Four years ago in a post dedicated to the Chinese market I wrote that over the last three decades the People’s Republic of China had progressed from being a backward agricultural economy to a world economic power, becoming the greatest exporter in the world alongside the USA, and also the second greatest importer (behind the USA).
Since then China has continued to grow, reaching an exceptionally high global innovation index. Between 2015 and 2017, for example, it spent 24 billion dollars more than the United States on 5G technology alone. An exorbitant amount, especially if we think that no other country in the world has this spending capacity, and that China has been able to continue such investments and growth rates over time.
After the staggering entry of the Chinese economy into our economies (for example, the acquisition of the robot manufacturer Kuka by Midea, a Chinese giant in the household appliances sector), many countries have felt the need to take steps to introduce measures aimed at restraining this economic power. At the end of last year, for example, Germany introduced a law that will make the acquisitions of its strategic companies by non-European companies more difficult. Other countries, such as the United States, Canada, France and Italy itself, have boosted the control mechanisms on these operations given the concern that, in addition to the sale of strategic assets, there will also be a transfer of sensitive technologies and know-how.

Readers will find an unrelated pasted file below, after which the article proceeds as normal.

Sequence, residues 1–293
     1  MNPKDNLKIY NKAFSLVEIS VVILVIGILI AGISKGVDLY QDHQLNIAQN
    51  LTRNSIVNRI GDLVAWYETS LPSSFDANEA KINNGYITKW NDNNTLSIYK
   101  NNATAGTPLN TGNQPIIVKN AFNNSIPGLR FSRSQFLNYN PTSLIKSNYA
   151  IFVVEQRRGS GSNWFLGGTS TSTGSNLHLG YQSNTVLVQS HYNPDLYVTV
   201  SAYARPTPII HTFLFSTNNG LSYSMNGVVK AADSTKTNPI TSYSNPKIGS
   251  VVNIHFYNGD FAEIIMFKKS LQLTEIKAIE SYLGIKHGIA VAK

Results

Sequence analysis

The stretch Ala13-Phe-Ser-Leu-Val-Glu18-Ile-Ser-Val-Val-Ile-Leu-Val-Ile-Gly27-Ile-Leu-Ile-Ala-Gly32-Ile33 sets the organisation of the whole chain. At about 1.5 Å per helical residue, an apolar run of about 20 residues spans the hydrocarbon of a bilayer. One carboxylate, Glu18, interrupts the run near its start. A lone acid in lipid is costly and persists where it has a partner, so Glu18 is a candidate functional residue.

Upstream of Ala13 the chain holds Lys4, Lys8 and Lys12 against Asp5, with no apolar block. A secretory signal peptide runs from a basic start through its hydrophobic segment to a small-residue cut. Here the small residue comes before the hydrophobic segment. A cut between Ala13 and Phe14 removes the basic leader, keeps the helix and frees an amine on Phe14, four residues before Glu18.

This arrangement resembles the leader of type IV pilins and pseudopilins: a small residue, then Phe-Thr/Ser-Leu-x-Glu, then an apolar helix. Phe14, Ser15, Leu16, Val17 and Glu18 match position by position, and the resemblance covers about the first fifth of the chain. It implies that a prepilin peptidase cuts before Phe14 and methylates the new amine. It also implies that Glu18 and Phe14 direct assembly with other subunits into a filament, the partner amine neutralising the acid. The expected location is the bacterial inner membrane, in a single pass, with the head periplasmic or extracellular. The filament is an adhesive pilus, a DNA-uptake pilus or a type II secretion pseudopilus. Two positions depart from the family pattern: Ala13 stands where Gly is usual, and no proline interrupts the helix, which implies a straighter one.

My question to you is:
how do you think we should deal with a massive economic power such as China in its current state?
I have asked myself this several times and I have tried to come up with some answers.
First and foremost, it is vital to remember that
China is not an option among others, rather an inevitable market. And it has been for quite some time.
The measures devised and implemented to restrain its power (like the ones I mentioned in this post or like the renowned US customs duties) I’m afraid have come rather too late.
I mean that the People’s Republic of China already holds a world economic power, to the extent where the introduction of measures aimed at somehow trying to restrain it is a bit like wanting to block a few drops of water when an overflowing river is heading your way.
So is it worth simply signing agreements like the recent memorandum signed by Italy on the New Silk Road? Perhaps so. On the condition, however, that it will do any good. Because as I said, in my mind actions such as this should have been drawn up and implemented a long time ago. Today I am afraid they are insufficient.
There is however another aspect to be taken into account.
My perception is that the general mentality of the Chinese population is changing,
acquiring a growing awareness of the fact that it no longer has to focus solely and exclusively on growth, and therefore manufacturing indiscriminately at the expense of everything and everyone, and then selling on a global scale, but it has to think more about its citizens, their health and their lifestyle.
Nowadays the Chinese travel much more than they used to, they come to study in Western countries, they enter our factories and, therefore, have increased opportunities to get a first hand view on what happens outside the Chinese borders and what our culture is all about. Let’s think, for instance, about the topic of occupational health and safety. An aspect that has imposed and continues to impose specific restrictions, which impact factors such as manufacturing speeds and the cost of our products.
My impression is that it is the Chinese (in increasing numbers) who, I am not saying they will create actual blocking restrictions, but may introduce regulations on aspects such as health and safety. Also because increasingly more western enterprises which have put in place precise codes of ethics which must also be complied with by their suppliers (including those from the Far-East).
So it could be this change in mentality that will lead China to share the rules of the game more often with its western partners.